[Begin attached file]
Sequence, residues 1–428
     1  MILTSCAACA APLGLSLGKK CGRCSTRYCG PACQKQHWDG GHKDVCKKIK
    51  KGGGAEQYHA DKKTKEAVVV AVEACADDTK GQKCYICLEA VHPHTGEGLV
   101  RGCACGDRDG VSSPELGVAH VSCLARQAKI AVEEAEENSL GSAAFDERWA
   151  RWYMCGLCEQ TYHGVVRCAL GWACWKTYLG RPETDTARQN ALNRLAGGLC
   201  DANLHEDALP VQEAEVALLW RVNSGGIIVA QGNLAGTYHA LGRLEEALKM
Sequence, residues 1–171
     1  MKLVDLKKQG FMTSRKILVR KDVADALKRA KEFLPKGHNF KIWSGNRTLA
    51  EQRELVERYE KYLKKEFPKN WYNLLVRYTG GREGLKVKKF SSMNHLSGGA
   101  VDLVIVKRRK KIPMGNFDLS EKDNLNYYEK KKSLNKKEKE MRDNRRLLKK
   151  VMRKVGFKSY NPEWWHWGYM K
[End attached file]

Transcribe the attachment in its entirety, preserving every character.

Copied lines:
Sequence, residues 1–428
     1  MILTSCAACA APLGLSLGKK CGRCSTRYCG PACQKQHWDG GHKDVCKKIK
    51  KGGGAEQYHA DKKTKEAVVV AVEACADDTK GQKCYICLEA VHPHTGEGLV
   101  RGCACGDRDG VSSPELGVAH VSCLARQAKI AVEEAEENSL GSAAFDERWA
   151  RWYMCGLCEQ TYHGVVRCAL GWACWKTYLG RPETDTARQN ALNRLAGGLC
   201  DANLHEDALP VQEAEVALLW RVNSGGIIVA QGNLAGTYHA LGRLEEALKM
Sequence, residues 1–171
     1  MKLVDLKKQG FMTSRKILVR KDVADALKRA KEFLPKGHNF KIWSGNRTLA
    51  EQRELVERYE KYLKKEFPKN WYNLLVRYTG GREGLKVKKF SSMNHLSGGA
   101  VDLVIVKRRK KIPMGNFDLS EKDNLNYYEK KKSLNKKEKE MRDNRRLLKK
   151  VMRKVGFKSY NPEWWHWGYM K